Senator Catherine Ardagh said it was "astonishing" that Mr Zappone could "write the role herself" and that people "deserve transparency" on whether Mr Coveney was lobbied.

Mr Coveney replied: "All I can do is say what I experienced in this period, I saw the text messages as an enthusiastic person who wanted to get an update, I didn't see it as pressure.

"I can absolutely see why people see it as lobbying but I certainly didn't see it as that."

Sinn Féin senator Lynn Boylan said the process "stinks" and that there are now further questions for the Minister for Finance Paschal Donohoe.

"This is someone who was a minister, who you say, has mistakenly believed she'd been offered a job," she said.

"Then in May asks of any word of the job, and in June start date, this should've set off alarm bells.

"At no point, no one in the department thought to contact Katherine Zappone and tell her there was no job yet?"

Mr Coveney said Zappone was formally informed the week before the government.

Coveney should not resign over Zappone controversy, says Donnelly 

Minister for Health Stephen Donnelly has said that he does not think the Minister for Foreign Affairs Simon Coveney should resign over the Katherine Zappone appointment controversy.

Mr Coveney had made an error, “he got it wrong”, Mr Donnelly told RTÉ radio’s Today with Claire Byrne show.

When asked if the Taoiseach should “fire” Mr Coveney, Mr Donnelly said he could not “answer definitively” whether the Taoiseach had that authority. Picture: Gareth Chaney/Collins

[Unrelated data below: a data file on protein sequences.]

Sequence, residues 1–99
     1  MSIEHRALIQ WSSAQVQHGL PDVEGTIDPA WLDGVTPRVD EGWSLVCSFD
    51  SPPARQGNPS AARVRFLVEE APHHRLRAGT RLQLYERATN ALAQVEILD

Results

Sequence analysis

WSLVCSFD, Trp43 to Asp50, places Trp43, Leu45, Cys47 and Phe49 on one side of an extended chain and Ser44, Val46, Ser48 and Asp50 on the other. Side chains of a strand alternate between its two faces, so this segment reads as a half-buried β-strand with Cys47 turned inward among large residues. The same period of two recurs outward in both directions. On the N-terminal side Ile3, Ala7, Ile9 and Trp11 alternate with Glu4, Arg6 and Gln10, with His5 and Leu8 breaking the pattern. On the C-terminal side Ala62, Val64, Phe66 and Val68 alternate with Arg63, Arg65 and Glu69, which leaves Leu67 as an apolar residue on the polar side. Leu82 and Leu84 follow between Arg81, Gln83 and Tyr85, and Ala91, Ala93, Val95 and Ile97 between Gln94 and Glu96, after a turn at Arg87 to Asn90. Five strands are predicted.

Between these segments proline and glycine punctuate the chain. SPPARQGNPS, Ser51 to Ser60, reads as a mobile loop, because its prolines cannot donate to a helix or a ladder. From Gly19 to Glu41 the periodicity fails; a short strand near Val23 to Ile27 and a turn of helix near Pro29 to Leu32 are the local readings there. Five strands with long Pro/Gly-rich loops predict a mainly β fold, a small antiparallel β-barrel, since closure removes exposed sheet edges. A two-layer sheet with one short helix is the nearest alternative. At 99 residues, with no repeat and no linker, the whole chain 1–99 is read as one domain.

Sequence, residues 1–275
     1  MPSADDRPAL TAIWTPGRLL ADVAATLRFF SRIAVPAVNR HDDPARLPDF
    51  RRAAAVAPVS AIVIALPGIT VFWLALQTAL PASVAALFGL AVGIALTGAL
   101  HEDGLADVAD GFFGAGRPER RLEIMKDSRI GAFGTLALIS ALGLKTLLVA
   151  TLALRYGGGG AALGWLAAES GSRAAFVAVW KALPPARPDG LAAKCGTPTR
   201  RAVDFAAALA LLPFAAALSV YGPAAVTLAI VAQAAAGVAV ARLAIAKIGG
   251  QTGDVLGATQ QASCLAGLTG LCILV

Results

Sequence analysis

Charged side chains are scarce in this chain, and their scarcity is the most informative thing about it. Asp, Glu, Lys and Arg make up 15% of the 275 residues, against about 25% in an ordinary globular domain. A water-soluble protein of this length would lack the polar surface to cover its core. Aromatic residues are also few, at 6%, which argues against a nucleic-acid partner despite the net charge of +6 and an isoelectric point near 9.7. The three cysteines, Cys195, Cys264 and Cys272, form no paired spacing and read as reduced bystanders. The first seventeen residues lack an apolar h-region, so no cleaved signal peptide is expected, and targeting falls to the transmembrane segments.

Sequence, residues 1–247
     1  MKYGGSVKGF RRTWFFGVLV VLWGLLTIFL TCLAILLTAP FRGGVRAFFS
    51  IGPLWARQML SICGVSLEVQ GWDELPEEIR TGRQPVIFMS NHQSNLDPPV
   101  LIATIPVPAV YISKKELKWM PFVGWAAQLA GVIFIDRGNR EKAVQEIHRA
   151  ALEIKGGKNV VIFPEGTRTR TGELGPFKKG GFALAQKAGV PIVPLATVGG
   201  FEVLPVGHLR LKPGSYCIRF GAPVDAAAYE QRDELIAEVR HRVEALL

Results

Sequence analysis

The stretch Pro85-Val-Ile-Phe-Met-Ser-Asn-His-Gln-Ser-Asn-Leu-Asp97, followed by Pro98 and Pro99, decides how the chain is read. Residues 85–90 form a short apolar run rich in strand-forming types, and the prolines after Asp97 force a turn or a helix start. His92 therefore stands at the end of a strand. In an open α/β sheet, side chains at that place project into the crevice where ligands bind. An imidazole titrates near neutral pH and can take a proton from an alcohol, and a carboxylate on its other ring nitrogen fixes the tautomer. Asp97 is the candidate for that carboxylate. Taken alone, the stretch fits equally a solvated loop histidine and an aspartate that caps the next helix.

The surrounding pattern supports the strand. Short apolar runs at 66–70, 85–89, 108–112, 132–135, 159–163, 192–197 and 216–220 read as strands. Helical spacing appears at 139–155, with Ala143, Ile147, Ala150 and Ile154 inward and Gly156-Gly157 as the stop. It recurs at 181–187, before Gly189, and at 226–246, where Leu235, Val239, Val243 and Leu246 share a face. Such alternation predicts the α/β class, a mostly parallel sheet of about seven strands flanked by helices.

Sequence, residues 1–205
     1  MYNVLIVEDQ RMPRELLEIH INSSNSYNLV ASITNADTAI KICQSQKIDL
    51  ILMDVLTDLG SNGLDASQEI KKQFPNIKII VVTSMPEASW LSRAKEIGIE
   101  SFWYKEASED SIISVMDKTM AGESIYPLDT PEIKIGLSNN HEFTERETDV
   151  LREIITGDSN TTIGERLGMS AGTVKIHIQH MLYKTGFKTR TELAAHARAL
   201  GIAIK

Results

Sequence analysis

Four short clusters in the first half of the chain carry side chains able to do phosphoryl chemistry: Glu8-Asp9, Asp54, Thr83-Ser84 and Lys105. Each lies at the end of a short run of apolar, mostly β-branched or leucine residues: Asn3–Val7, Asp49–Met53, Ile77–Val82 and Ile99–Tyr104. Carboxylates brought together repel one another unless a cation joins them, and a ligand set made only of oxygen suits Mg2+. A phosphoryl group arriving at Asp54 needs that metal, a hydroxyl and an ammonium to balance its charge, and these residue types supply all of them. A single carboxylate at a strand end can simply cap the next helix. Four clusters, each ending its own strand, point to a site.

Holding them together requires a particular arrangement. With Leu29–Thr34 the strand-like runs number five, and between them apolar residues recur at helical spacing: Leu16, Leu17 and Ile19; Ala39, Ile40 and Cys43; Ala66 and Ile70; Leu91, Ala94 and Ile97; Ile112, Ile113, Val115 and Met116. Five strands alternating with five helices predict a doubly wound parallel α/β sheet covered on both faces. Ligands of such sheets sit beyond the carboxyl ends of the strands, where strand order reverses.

When asked if the Taoiseach should “fire” Mr Coveney, Mr Donnelly said he could not “answer definitively” whether the Taoiseach had that authority. Picture: Gareth Chaney/Collins

“He was genuine in his apology. It is right and proper that he has made himself available for questioning.” “People make mistakes, I believe his apology and his regret.” Mr Donnelly said he did not believe that the controversy was “humiliating” for the Taoiseach, who was “quite rightly frustrated” at the controversy. The Taoiseach was keen to focus on issues such as housing, the Winter Plan and healthcare.

The Minister denied that the working relationship between Fianna Fáil and Fine Gael was difficult. There were always going to be some kinds of tensions as both parties had been on opposite sides of the house since the foundation of the State, but they were now working well together and with the Green Party in Cabinet. 

“A lot of good work is happening.” 

The two big issues that had emerged from the controversy were that the Taoiseach had not been informed in advance of the appointment and the process itself. There had been an apology that what had happened was not right and that had been made in good faith, he said.

The appointment had not gone through the usual channels, he acknowledged and the Taoiseach should have been involved and notified. There needed to be transparency over what had occurred, he said. For most public service appointments there was a transparent process with a clear paper trail.

When asked if the Taoiseach should “fire” Mr Coveney, Mr Donnelly said he could not “answer definitively” whether the Taoiseach had that authority.

“This is a coalition, and in a coalition government one party does not tell another party who they can and can't have at the Cabinet table.”